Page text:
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Then, then there was the hike...no, let's call it what it was, the DEATH MARCH back to the truck. For sure, 1 of the top 10 most physically difficult things I have ever done. Nothing like topping off 4 hours of hiking in the mountains with 2 more hours of steep descents and brutal climbs. And, just to rub some salt in the wounds, we saw the elk group we spooked with the 5x5 feeding in a opening high in the timber 700yds away but on the edge of daylight we had no time to make a play. Still, I would do it again, probably one of my top 5 favorite hunting days ever, and I didn't even kill an elk.

That night, while hunting solo, Brandon managed to get an arrow in a cow elk. Sam and I were so tired, we literally missed the part of his post-hunt recap where he said he had hit one. We did catch the part about the large bear tracks, and the brownish/orange cow coming through the willow scrub just on the edge of dark that Brandon initially thought was a grizzly bear! Brandon found his arrow, which broke off just 2-3" behind the broadhead. It looked like he had hit the shoulder bone pretty square. He didn't find much blood. There was a mini-blizzard again in the morning, so we didn't get out until mid-day. We decided to hunt the same area. I hunted with Brandon, and he was showing me where he shot at the cow. Well, we found some blood, but not much. About 75 yards later, we found some blood with some bubbles...but we weren't sure if it had just been freshened up from the snow that morning or if it was lung blood bubbles. We tracked another 30-40 yards, and then I looked up the hill and saw something awfully elk like on the side of the hill...there she lay, maybe 150-200 yards from the impact site. My buddy was pretty excited.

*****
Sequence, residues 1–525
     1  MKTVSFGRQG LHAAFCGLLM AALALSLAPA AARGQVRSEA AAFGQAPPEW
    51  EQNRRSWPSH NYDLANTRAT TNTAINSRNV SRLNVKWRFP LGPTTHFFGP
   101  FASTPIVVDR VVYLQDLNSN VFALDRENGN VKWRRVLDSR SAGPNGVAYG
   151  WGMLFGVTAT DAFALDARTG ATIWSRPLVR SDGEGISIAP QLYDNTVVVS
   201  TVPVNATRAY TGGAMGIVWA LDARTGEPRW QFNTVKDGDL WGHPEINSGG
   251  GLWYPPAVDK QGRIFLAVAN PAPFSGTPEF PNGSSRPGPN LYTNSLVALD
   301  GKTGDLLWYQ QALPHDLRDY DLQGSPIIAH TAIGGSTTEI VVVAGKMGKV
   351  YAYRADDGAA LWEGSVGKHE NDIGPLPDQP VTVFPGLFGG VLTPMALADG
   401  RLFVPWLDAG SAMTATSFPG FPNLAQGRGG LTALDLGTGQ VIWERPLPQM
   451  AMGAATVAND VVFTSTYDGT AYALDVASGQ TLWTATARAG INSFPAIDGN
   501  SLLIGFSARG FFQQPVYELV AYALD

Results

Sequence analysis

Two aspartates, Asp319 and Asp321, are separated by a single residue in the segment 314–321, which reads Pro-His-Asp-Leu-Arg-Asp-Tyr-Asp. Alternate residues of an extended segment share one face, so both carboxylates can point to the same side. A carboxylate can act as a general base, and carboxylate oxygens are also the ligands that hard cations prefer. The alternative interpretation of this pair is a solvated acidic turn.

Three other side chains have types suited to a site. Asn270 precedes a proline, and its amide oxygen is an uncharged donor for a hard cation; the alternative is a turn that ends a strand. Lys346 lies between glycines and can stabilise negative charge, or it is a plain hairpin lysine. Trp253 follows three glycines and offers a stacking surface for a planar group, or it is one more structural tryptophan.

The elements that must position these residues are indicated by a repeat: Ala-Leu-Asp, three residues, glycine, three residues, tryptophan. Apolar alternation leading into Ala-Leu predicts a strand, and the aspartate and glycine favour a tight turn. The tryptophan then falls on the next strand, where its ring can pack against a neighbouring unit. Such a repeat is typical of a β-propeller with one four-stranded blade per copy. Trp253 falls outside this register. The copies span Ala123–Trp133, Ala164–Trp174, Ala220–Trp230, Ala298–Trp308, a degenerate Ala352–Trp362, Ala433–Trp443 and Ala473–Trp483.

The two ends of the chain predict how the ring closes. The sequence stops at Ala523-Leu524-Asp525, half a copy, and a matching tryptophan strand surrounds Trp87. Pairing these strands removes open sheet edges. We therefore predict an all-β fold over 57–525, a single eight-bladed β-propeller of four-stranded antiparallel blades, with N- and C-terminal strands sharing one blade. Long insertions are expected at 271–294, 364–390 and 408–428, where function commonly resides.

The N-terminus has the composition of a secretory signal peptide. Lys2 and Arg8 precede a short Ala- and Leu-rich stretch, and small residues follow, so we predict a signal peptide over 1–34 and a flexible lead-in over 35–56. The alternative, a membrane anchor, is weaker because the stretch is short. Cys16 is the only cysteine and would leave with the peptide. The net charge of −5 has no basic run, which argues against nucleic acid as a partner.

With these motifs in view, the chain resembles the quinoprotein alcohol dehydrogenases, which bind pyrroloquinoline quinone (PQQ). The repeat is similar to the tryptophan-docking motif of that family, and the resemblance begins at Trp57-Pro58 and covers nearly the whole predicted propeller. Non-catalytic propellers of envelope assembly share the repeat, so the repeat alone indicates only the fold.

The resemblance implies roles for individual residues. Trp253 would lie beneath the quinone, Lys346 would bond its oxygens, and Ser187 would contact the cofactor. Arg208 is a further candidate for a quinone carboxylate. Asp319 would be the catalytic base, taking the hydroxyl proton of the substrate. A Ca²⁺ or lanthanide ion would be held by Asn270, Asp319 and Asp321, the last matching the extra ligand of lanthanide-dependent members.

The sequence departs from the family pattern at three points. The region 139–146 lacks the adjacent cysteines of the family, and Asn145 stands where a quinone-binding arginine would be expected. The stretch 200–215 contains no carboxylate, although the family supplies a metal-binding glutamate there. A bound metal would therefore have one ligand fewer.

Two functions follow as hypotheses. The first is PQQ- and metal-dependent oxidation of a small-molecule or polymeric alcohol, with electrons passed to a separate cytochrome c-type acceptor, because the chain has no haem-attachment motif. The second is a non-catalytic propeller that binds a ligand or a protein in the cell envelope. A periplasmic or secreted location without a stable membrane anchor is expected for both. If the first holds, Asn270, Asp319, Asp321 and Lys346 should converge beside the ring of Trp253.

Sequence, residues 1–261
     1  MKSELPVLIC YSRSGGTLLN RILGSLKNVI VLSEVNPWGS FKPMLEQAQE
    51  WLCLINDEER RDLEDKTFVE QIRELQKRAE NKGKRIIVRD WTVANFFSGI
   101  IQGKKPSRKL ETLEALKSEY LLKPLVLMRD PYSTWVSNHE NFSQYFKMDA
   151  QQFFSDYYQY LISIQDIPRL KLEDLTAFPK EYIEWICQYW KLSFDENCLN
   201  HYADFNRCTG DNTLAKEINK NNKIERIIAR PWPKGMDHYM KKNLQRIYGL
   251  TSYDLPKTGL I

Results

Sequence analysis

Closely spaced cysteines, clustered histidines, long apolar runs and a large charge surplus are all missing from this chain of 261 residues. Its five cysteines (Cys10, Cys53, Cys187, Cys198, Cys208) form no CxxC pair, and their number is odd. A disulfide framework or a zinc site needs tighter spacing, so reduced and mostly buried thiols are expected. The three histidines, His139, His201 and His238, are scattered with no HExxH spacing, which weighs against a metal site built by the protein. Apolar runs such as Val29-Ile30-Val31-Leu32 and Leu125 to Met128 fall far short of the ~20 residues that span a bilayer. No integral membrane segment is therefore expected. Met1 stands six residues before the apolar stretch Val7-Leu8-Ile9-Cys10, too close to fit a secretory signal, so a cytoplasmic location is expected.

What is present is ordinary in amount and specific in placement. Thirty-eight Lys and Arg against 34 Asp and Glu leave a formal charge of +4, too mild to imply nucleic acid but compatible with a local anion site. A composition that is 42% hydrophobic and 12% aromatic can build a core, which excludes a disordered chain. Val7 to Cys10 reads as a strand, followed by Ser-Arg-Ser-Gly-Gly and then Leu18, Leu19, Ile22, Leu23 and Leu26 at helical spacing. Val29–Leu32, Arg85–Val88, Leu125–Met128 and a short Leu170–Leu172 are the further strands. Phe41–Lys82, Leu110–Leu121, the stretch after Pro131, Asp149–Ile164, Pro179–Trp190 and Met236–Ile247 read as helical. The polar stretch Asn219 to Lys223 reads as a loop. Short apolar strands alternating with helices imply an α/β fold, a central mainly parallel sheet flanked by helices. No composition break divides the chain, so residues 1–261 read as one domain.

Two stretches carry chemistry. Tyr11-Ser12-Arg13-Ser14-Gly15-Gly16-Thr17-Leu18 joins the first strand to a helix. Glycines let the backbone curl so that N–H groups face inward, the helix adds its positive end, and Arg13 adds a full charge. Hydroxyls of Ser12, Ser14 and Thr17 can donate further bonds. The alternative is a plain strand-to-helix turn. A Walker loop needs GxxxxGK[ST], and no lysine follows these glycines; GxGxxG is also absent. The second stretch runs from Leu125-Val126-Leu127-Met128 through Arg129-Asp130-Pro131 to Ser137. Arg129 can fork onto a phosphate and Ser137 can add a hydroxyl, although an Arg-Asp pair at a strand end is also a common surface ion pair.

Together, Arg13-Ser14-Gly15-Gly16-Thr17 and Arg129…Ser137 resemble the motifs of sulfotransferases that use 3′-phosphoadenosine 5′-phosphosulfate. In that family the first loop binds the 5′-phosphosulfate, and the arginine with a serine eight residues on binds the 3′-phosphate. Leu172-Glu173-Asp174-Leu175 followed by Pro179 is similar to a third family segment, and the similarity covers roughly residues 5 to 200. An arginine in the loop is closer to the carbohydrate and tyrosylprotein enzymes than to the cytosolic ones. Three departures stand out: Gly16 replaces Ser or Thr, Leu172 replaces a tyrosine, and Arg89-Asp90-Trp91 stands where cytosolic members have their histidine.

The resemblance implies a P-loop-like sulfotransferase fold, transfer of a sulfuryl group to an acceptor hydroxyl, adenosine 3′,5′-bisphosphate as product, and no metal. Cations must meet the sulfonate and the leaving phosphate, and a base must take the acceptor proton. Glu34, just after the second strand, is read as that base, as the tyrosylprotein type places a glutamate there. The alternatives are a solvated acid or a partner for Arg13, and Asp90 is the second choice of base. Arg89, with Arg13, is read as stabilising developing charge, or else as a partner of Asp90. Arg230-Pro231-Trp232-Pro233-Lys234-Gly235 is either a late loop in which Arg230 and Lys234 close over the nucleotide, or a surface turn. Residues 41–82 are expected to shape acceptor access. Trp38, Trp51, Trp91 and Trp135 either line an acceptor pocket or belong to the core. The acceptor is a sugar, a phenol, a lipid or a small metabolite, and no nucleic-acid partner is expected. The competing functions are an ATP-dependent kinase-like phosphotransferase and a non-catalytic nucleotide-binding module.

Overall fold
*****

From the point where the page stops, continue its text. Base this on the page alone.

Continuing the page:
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Just wanted to post this pic so it is clear that the elk was properly tagged (green tag on elk's left front leg)

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We didn't finish getting the elk completely packed out until 11:15 p.m. We were just under a mile from the truck, and it was uphill from the elk to the truck the whole way. We had to make two trips. After all the miles hiked on this trip, it was pretty tough going, but definitely worth it. I have a ton more I'd like to say, but I'm tired of typing, and I have whitetail season to get ready for starting Sunday!

Here's a few more random pics that didn't make it into the story.

Sam crossing a creek the day we chased the 5x5 on the rocky outcrop
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Mule deer doe
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A proper reloading section in a sporting goods store. We don't see this kind of stock in Michigan
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This whitetail doe walked up within 50 yards of us one day while we were target practicing with our bows.
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Montana in a nutshell
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Ran across this sweet ride in one of the areas we were hunting
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tbunao
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Re: Montana Elk Hunt Recap (Pic Heavy)

Postby tbunao » Sat Sep 30, 2017 9:29 am